Accessibility Projects

Music therapy is a way to reach cognitively challenged kids, but some use the equipment harder than it was ever intended to endure. The Tough Pi-ano was built to be exceptionally durable, and the parts were easily replaceable.

I built a Tennis Ball Launcher for a friend with arthritis who had trouble playing fetch with his dog at the park. He could load it without putting any strain on his wrists. Tennis Ball Launcher on Instructables.

I built the Vibrating Distance Sensor as an intuitive way to navigate a room without seeing. Everyone who tried it, immediately understood the interface of a flashlight and closed their eyes to walk around the room. Vibrating Distance Sensor on Instructables.

Educational Projects

My most popular Instructable was my Conductive Paint Experiment. This project allowed for anyone to make their own conductive paint for drawing functional circuits. I only used products available at hardware stores and demonstrated the scientific method in my recipe comparisons. Conductive Pain on Instructables.

I created an electronics project to share at a small tech conference to teach people some basic circuits and Arduino programming. I was inspired by a project from an issue of MAKE magazine that measured distance and used servos to press on a user's hands to give them a SONAR sense.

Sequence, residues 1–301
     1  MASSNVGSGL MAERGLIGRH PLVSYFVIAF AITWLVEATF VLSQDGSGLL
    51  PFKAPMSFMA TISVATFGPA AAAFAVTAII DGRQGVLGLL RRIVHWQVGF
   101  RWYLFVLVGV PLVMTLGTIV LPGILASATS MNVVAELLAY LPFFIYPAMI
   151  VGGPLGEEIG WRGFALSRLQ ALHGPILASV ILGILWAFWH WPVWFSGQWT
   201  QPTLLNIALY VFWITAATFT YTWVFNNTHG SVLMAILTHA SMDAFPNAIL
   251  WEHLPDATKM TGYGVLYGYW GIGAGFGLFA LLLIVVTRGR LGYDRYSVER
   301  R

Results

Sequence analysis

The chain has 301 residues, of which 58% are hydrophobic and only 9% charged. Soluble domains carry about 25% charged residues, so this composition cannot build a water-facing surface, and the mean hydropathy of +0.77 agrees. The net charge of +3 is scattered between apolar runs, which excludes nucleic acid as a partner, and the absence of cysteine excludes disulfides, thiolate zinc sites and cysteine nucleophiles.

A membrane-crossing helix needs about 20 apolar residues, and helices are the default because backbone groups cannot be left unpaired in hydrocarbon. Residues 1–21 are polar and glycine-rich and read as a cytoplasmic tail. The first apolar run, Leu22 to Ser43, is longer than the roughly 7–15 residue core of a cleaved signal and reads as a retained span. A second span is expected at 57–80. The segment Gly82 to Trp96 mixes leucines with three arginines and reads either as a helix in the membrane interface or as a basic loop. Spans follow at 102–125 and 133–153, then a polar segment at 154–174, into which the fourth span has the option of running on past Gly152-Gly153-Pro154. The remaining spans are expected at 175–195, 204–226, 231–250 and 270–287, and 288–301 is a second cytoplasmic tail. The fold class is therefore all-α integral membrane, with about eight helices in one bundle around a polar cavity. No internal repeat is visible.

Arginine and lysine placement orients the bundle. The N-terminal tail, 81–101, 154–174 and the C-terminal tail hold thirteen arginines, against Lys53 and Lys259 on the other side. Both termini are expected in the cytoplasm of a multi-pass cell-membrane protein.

Tool Projects

My resin printer is terrific, but sometimes I need to instantly harden resin or tack a few pieces together, so I bought a UV laser module and printed a platform to hold a switch and battery. My UV pen was like a soldering iron for printer resin.

I wanted a portable DC power supply so I built a frame from around my power tool batteries from laser-cut wood and metric hardware. I used a barrel connector as the output, which was convenient for assembly and portability.

Music Projects

I did not receive much musical education in school, so to teach myself I started a series of projects I called Electronic Wind Chimes. The projects leveraged pseudo-random numbers to generate MIDI notes and exciting sound scapes. It might be a stretch to call it music, but it kept the room lively.

The fourth version of the Electronic Wind Chimes featured built-in speakers, a laser-cut acrylic face, a percussion soundboard, and soundscapes designed for video game background music. This generator helped win a hackathon with a cash prize.

The EWC_OST or "Electronic Windchimes - Original Soundtrack" played instruments at a preset volume and probability based on a pair of sliders. I can switch between these "moods" gradually or abruptly and create a dynamic story on the fly.
(2:00) Demonstration

I made a drum machine, which capitalized on pseudo-randomization and lots of lights. I installed the components in a Dungeons and Dragon lunch box which could still close with everything inside, so it was portable! I even ran a TikTok channel for this instrument.

I designed another lunch box that played melody instruments. The focus this time was to design one that I could quickly reproduce and combine them as an orchestra where each instrument acted independently.

I find music from my Electronic Windchimes relaxing, so I wanted a convenient way to play it anytime. The EWC_Box was a battery-powered boombox and the first to integrate pseudo-random melodic instruments with pseudo-random drum beats in one machine.